I recently saw a tweet about Ginny Messina pop up on the RVGN feed from Meghan O’Day:
@TheVeganRD Animal rights made me vegan. Evidence-based RDs help me be a healthy, happy one. Thanks!
Many vegans could say the same. Ginny adopts a rigorous, evidence-based approach and delivers nutritional advice in a straightforward accessible manner. Her book Vegan for Life (co-authored by vegan registered dietitian Jack Norris*) is an indispensable guide for maintaining a healthy vegan diet. It also, along with her other titles*, serves as a useful reference when faced with tricky nutritional questions from concerned non-vegans!
Her blog The Vegan RD focuses on specific nutritional issues of interest to vegans. It dispenses reliable advice and often debunks the hyperbolic claims about vegan diets made by non-vegans — and vegans themselves.
As well as making us ‘healthy and happy’, Ginny has doubtlessly raised the awareness of many people who have adopted a plant based diet for health reasons. Though her blog is focused on nutrition, the driving force of her work is an ethical commitment to reducing animal suffering. This motivation is apparent in the way she always returns to the message animals matter.
We are very grateful to Ginny for answering a few questions for RVGN.
What came first, your veganism or your interest in nutrition science?
Definitely my interest in nutrition science. My interest was in public health nutrition and in improving access to food and nutrition education for low-income families. My interest in animal rights came very early in my career, though, and I became a vegetarian right after I became a dietitian. It was another 5 years or so before I began exploring the ethics of veganism and that’s when I decided that it was where I wanted to focus my work.
You are a registered dietitian (RD) who advises people about nutrition. I also often see nutritionists offering (sometimes dubious) dietary advice. What is the difference between the title ‘RD’ and the title ‘Nutritionist’?
A registered dietitian has to complete a curriculum that includes courses like biochemistry and physiology as well as courses in nutrition and diet therapy at an accredited college. Getting RD credentials also requires a practical internship and then passing a national exam. To call yourself a nutritionist requires—well, basically that you call yourself a nutritionist. Anybody can do so whether they have training or not. This explains the dubious advice often coming from self-proclaimed nutrition experts.
Apparently humans have been eating to sustain ourselves for quite some time. So why does there still seem to be so much confusion about what the ideal diet for human health is?
Within mainstream nutrition, there actually is some consensus about healthy diets. I think most experts agree that eating a variety of minimally processed foods with an emphasis on plant foods is important for health.
But we also have lots of new information about how diet affects health and also about how to meet nutrient needs. And these are things that are not necessarily intuitive. Our ancestors may not have always met nutrient needs, for example, so it’s information that can serve us well.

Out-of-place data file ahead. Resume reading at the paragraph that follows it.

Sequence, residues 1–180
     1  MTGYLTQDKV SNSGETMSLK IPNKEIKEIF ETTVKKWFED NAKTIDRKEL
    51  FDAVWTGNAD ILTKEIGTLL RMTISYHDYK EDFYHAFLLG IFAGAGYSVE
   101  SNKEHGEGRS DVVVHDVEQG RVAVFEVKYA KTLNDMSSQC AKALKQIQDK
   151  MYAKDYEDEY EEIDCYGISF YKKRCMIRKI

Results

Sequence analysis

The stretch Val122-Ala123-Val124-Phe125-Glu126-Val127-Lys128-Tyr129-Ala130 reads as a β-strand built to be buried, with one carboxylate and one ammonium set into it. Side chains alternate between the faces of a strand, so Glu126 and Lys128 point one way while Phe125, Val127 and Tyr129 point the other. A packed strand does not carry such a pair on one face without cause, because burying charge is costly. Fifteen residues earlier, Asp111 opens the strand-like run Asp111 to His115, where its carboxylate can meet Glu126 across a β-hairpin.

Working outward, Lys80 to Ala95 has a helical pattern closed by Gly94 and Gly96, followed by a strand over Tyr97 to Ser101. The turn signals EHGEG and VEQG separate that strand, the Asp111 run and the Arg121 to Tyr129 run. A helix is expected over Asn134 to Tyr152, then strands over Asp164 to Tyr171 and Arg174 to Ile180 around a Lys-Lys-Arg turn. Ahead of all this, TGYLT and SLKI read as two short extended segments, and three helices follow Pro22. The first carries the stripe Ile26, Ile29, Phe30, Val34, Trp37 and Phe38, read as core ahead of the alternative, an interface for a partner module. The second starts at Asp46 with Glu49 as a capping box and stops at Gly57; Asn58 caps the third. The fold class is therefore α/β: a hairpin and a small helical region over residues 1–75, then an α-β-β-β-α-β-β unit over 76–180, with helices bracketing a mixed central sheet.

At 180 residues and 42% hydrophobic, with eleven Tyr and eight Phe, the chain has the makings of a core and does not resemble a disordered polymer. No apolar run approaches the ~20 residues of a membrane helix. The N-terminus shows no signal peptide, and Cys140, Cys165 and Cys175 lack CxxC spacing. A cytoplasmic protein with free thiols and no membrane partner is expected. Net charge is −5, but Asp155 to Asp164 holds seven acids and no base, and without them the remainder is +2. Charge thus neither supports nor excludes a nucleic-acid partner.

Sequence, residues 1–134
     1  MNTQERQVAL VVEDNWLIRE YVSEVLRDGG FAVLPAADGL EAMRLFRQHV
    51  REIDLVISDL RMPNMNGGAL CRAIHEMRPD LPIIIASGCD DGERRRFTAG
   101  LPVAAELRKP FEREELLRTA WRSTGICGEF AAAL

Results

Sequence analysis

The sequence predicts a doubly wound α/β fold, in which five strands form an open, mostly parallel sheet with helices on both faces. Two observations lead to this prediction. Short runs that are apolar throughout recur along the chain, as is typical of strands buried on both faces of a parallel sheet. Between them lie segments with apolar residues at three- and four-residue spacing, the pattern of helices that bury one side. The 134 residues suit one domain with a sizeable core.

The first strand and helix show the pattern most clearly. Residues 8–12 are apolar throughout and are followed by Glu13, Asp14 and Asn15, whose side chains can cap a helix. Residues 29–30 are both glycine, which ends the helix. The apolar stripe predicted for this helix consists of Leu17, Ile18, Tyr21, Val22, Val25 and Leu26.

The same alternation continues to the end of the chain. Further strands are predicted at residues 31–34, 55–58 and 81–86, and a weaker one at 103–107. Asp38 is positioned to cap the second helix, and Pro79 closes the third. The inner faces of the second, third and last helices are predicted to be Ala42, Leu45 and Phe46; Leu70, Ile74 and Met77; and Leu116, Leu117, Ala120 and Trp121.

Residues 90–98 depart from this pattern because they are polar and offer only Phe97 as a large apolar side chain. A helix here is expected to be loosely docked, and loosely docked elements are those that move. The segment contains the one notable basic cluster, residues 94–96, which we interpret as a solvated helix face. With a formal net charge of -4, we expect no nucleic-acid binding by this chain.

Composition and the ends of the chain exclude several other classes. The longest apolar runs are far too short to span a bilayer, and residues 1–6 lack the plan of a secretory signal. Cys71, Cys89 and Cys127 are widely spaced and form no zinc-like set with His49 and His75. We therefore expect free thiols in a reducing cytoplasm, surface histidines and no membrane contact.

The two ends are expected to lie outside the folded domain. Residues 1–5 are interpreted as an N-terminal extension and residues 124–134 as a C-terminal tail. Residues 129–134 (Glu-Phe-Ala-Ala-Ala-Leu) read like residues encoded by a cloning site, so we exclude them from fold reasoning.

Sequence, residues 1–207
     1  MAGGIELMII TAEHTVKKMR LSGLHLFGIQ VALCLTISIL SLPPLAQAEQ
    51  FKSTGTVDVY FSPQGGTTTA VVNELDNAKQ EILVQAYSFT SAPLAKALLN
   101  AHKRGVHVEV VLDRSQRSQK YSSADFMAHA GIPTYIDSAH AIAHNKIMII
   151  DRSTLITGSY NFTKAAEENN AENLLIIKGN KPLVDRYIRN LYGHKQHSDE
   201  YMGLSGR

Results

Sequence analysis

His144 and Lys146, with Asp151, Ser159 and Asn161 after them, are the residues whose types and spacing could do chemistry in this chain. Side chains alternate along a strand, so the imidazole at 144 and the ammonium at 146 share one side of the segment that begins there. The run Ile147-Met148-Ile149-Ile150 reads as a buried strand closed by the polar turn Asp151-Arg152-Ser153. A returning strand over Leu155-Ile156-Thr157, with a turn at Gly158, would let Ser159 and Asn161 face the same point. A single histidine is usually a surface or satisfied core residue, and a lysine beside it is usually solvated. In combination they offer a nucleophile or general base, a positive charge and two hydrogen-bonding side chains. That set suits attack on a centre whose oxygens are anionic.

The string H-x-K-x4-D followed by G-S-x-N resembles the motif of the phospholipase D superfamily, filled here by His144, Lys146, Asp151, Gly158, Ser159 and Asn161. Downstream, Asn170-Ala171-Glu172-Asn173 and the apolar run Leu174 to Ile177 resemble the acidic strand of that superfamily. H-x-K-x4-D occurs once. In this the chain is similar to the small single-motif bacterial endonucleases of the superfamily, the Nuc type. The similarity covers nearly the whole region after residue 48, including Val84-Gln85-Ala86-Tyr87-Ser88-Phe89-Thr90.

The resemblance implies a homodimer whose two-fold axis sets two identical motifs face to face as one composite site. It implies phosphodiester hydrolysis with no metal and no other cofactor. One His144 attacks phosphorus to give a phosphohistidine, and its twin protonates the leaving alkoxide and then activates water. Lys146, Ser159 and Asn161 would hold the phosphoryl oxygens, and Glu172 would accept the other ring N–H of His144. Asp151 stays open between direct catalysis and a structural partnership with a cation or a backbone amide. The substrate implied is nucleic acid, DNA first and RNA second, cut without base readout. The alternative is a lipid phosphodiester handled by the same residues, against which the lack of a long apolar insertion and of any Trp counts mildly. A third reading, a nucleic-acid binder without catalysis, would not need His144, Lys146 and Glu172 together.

But definitive answers about nutrition can be hard to come by. And new questions seem to follow closely on the heels of new knowledge. For example, nutritionists have long known that calcium is important for bones, but as more research is done in this area, we have less clarity on how much calcium is needed. As people live longer, issues like calcium needs become more important.
Since studies on any particular aspect of nutrition are often conflicting, we have to wait for more research so that we can see where the bulk of the evidence lies. It takes time to gather all of that information—and in the meantime, we’re dealing with confusing and incomplete knowledge. This is why I tell vegans to be wary of “experts” who insist that they know the one and only healthy way to eat. No one who is looking at the scientific research honestly and critically would claim to know that.
When we see an article that touts the health benefits of a vegan diet we tend to accept and celebrate the findings with little skepticism; conversely any article that suggests there are health risks associated with veganism is scrutinized for inaccuracies. How does our confirmation bias affect the way we think about, promote and eat plant-based food?
Some vegans find it impossible to believe that a vegan diet is not the only healthy way to eat. Or that you can actually eat small amounts of animal foods and be healthy. It may be because they have chosen a vegan diet for health reasons, and information that challenges that is a threat to what they believe about food. Or it might be because they are ethical vegans and promoting veganism as the ideal health-promoting diet is part of their advocacy. Whatever the reason, it’s a strong bias that can cause vegans to view all pro-vegan research favorably (even when it’s not especially good research) and all pro-meat or dairy research as “biased” or faulty for one reason or another.
The fact is that most research is faulty to some degree; all studies have weaknesses. And much research is biased even when it’s not funded by a group with monetary interests in the outcome. Individual researchers can be (understandably) biased if they’ve built a career around a particular dietary theory or if they simply have an ethical or philosophical perspective that makes them favor a particular outcome. There are people doing research on vegan and vegetarian diets who have strong biases in favor of these diets for one reason or another. It doesn’t mean their research is bad, but it’s naïve of vegans to believe that biases exist on only one side. We have to look closely at how the research was conducted to determine its value, not just at who is doing or paying for the research. Vegans have to be willing to do this if we want our movement to be viewed as credible.
There seems to be a reluctance among vegans to eat anything we deem ‘unnatural’. This may mean more vegan sausages for us at barbecues but it can also lead to vegans neglecting their health by avoiding B12 fortified foods or supplements. Why do you think some vegans are so adverse to ‘unnatural’ foods and how can we convince them to give processed food a chance?